Oncodermatology takes the stage at Fox Lectureship
Rather than interrupting cancer treatment, oncodermatologists can help treat the side effects.
Oncodermatology has evolved rapidly over the last 15 years, bringing the skills and expertise of dermatologists to the care of patients undergoing cancer treatments and to those who are plagued by the side effects affecting the hair, skin, and nails.
These advances align well with the Everett C. Fox, MD, Award and Lectureship celebrating innovative thinking. Mario E. Lacouture, MD, FAAD, delivered the lecture during the Summer Meeting’s Plenary (P151). Dr. Lacouture is a full member and director of the oncodermatology program at Memorial Sloan-Kettering Cancer Center in New York.
“Oncodermatology was created for the 20 million people diagnosed with cancer every year all over the world and the more than 35 million survivors living with a prior cancer history,” Dr. Lacouture said. “The evolution of oncodermatology has impacted how cancer patients are cared for through scientific and clinical advances. Oncodermatology provides patients with early and rapid access to dermatologists across the country, improving quality of life and ensuring patients are able to continue to receive cancer therapies.”
Several things have happened in the last two decades to bring oncodermatology to the forefront of cancer care, Dr. Lacouture said. In the past, when patients presented with cancer treatment-related side effects affecting hair, skin, and nails, oncologists would interrupt the cancer treatment and restart it later when the patient could tolerate another treatment. If the pattern of side effects continued, oncologists would simply stop the use of that drug and look for another.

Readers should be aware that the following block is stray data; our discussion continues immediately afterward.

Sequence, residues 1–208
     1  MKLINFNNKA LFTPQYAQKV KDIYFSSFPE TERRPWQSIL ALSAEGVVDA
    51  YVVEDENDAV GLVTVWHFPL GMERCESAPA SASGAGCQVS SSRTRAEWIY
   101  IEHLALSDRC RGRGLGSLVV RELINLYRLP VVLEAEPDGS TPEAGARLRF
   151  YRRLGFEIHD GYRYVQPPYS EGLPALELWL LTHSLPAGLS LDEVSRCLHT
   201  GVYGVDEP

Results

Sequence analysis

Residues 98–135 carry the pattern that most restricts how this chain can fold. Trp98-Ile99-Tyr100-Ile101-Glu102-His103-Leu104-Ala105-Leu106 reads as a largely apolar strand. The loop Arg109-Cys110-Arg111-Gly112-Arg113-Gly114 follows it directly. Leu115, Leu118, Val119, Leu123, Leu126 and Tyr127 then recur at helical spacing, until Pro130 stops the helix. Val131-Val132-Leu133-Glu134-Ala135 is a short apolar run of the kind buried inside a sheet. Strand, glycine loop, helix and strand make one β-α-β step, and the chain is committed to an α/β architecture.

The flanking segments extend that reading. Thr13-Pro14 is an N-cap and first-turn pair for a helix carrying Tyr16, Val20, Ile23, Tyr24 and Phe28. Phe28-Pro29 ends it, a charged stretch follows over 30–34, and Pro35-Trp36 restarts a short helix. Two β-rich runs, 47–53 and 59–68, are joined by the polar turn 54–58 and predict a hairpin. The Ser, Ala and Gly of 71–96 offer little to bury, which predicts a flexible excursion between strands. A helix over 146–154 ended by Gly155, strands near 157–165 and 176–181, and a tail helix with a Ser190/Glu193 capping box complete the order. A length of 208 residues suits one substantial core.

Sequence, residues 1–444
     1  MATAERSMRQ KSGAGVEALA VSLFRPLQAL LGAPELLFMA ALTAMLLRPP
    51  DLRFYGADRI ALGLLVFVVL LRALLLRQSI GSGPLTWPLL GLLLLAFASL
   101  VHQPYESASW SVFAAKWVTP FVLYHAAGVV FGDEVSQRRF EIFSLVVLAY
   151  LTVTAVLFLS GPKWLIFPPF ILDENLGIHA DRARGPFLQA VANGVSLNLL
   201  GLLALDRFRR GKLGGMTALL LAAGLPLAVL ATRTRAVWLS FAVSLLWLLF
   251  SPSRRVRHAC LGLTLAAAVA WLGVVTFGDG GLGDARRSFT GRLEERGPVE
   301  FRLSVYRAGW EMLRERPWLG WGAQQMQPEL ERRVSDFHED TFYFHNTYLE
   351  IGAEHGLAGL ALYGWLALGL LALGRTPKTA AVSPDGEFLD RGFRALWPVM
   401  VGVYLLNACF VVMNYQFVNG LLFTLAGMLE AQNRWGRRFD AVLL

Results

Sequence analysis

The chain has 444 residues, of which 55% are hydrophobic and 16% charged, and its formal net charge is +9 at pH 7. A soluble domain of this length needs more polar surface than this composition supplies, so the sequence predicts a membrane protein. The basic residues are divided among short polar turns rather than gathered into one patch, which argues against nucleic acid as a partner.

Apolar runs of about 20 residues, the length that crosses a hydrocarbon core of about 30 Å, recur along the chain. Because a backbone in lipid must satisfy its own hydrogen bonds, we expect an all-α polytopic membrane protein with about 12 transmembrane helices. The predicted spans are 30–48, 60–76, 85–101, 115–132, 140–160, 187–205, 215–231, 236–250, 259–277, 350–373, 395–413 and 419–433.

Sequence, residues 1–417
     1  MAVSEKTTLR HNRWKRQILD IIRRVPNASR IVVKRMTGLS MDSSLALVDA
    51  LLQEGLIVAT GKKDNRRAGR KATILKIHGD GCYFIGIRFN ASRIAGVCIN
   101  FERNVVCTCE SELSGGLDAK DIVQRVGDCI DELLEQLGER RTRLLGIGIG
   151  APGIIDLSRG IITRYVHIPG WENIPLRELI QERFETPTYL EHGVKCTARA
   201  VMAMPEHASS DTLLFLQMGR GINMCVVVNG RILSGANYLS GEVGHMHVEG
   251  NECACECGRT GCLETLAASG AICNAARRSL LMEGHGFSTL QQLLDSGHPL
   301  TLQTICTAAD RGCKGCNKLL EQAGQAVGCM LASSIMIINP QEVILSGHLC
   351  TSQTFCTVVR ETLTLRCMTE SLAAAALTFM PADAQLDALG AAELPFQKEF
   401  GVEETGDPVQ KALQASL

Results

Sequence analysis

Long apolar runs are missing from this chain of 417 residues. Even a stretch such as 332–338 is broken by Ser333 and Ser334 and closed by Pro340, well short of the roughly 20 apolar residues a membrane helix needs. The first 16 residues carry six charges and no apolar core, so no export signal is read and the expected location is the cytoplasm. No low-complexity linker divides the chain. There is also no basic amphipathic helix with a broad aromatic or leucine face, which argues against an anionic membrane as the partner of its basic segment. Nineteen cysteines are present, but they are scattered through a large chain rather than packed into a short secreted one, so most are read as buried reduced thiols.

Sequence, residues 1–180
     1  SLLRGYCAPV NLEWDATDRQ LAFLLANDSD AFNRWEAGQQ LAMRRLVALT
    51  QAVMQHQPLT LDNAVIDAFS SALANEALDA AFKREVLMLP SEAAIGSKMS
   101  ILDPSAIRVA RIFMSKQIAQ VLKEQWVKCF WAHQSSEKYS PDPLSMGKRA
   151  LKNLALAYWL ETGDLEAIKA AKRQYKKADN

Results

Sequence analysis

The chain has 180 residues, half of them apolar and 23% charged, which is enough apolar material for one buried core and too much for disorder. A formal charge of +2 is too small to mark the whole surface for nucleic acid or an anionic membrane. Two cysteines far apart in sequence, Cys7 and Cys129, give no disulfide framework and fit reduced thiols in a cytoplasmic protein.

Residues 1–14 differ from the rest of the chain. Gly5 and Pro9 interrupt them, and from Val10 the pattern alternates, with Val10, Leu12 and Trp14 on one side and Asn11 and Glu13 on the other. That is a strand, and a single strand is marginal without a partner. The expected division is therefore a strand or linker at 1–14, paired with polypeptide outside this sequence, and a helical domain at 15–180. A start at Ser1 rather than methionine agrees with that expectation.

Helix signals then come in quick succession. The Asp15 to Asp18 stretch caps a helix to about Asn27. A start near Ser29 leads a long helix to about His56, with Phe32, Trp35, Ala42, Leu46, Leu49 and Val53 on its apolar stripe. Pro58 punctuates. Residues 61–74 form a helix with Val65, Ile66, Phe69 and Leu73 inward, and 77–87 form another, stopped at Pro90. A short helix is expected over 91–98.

“Without dermatologic support, oncologists have limited resources to manage dermatologic conditions,” Dr. Lacouture said. “In up to a third of patients with skin side effects, cancer drugs may be stopped.”
The remedy, he said, is same-day visits with an oncodermatologist to treat the side effect. That only happens as dermatologists gain more knowledge in community and academic centers so that patients can receive rapid access and effective therapies for side effects, he said. According to Dr. Lacouture, there are currently 30 to 50 oncodermatologists spread across 80% of U.S. cancer centers.
Other developments in the last decade, he said, include an increase in clinical trials specifically directed toward treating the aggressive effects of chemotherapy and immunotherapy. For example, Dr. Lacouture said, clinical trials led to FDA approval of two devices that cool the scalp and reduce hair loss due to chemotherapy. Studies show the devices work in 50-70% of patients.
The push for oncodermatology has since led to the formation of the Oncodermatology Society this year, with the mission of advancing cancer care through skin health. The first textbook on oncodermatology was published in 2012.
“One in two men and one in three women will be diagnosed with cancer at some point in their lives,” Dr. Lacouture said. “Oncodermatology exists to improve skin-related quality of life, optimize the use of cancer treatments by ensuring tolerability, and establish dermatologists as integral partners in the care of those touched by cancer.”